American literary realism by Phillip Barrish

By Phillip Barrish

Concentrating on key works of late-nineteenth and early- twentieth-century American literary realism, Phillip Barrish strains the emergence of latest methods of gaining highbrow prestige--that is, new methods of gaining a point of cultural attractiveness. via prolonged readings of works by means of Henry James, William Dean Howells, Abraham Cahan, and Edith Wharton, Barrish emphasizes the variations among realist modes of cultural authority and people linked to the increase of the social sciences.

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Although at first he “could not repress some twinges at certain characteristics of Lemuel’s accent,” Bromfield soon “seemed, in a critical way, to take a fancy” to Barker’s voice. ” Meanwhile Charles Bellingham enthusiastically explores a hospital in Boston’s South End where Lemuel becomes a patient, explaining that “he had found it the thing to do – it was a thing for everybody to do; he was astonished that he had never done it before” (p. ). In short, several of the facets of the realist taste that Tom and Penelope had modeled in Howells’s  novel seem, even by the  The Minister’s Charge, already to have become more generally accessible among representatives of Boston’s upper-middle classes.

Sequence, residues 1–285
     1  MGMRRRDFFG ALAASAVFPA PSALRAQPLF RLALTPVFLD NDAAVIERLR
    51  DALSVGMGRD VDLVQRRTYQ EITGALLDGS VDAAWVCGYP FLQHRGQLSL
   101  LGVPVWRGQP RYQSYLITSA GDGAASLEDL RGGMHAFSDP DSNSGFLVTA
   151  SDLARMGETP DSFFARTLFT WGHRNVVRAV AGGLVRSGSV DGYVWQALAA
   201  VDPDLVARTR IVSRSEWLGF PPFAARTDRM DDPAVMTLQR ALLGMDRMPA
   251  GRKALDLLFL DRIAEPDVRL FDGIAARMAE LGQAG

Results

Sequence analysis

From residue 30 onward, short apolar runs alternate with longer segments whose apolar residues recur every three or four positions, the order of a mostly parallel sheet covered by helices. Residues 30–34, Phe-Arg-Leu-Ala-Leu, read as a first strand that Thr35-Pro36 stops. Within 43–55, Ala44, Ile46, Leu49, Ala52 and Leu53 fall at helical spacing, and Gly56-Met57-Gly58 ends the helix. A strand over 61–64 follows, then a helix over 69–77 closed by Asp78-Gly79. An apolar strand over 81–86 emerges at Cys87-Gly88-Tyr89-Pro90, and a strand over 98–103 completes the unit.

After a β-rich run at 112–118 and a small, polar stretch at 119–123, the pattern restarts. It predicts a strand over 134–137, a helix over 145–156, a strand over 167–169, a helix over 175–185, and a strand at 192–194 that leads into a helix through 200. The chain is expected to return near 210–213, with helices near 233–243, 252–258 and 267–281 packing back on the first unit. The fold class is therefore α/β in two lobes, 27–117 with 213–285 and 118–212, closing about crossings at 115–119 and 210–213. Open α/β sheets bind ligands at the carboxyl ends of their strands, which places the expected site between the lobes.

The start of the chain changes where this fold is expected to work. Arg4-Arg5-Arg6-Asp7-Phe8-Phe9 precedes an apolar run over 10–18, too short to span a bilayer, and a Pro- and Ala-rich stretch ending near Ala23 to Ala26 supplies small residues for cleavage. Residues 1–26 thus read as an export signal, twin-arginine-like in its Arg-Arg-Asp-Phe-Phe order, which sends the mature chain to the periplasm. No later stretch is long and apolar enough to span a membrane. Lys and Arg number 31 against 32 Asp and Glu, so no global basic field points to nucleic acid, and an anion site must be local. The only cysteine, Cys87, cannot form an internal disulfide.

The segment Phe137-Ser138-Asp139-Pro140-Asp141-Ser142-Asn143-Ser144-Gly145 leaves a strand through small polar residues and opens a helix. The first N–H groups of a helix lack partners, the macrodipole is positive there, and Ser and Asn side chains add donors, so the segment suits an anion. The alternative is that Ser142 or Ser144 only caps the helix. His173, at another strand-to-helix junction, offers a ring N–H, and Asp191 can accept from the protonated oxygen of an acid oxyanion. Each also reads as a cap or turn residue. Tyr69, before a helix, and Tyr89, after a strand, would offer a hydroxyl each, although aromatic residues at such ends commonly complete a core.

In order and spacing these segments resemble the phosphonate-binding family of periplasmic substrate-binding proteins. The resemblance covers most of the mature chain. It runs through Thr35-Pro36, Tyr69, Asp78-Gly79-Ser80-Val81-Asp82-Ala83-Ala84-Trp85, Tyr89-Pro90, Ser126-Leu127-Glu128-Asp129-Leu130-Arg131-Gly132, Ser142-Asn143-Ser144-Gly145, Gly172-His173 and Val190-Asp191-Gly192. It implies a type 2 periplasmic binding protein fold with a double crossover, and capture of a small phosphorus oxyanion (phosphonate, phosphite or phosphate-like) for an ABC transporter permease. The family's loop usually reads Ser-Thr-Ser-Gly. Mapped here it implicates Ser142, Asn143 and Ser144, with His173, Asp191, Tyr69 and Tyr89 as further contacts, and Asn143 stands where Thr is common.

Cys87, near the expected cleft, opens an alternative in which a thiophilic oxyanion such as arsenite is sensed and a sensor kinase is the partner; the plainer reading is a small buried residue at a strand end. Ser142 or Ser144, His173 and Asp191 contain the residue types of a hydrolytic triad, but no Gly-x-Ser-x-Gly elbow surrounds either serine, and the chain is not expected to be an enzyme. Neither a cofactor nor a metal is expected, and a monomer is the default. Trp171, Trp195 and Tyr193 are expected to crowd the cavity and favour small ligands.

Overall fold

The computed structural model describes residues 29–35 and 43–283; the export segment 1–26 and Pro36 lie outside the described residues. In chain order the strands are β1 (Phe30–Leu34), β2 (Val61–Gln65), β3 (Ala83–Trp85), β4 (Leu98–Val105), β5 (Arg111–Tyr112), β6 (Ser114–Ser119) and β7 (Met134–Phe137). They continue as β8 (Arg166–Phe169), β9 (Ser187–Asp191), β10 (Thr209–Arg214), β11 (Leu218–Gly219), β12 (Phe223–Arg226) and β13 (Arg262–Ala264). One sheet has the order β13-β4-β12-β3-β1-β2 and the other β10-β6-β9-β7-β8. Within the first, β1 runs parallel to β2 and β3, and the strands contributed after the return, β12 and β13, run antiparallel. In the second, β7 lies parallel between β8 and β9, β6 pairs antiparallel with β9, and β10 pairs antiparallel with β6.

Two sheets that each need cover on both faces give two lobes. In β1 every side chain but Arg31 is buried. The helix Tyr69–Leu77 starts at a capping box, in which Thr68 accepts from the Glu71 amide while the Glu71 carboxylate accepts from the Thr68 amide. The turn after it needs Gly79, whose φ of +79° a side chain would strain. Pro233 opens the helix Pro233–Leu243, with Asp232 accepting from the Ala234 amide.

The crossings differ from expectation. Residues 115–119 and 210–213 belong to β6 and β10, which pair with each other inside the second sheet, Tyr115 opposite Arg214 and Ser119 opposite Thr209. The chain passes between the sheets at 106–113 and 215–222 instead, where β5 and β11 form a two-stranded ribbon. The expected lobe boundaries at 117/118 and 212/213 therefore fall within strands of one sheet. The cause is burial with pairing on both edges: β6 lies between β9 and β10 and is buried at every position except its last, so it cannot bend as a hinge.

14 I believe, however, that in concentrating on how literary dialect may have helped to emphasize differences between clearly dominant and clearly subordinate groups, we risk losing sight of subtler ways in which the framing of literary dialect played a role in what Christopher P. ”15 Howells’s critical discussions of dialect in American literature exemplify the complexity of literary realism’s role in these internecine middle-class struggles over modes of style, taste, and aesthetic experience.

At the book’s end, when Tom and Penelope move for a few years to Mexico, where they will work to open Latin American markets for the large US paint corporation of which Tom has become an executive, Nanny says she hopes that when Penelope “comes back she will have the charm of not olives, perhaps, but of tortillas, whatever they are: something strange and foreign” (p. ). Nanny’s desire to exoticize Penelope’s flavor serves here as the opposite of an aesthetically disciplined gesture in its unashamed ignorance (“tortillas, whatever they are”) as well as in its almost boastful lack of interest in separating different aesthetic qualities and effects from each other.

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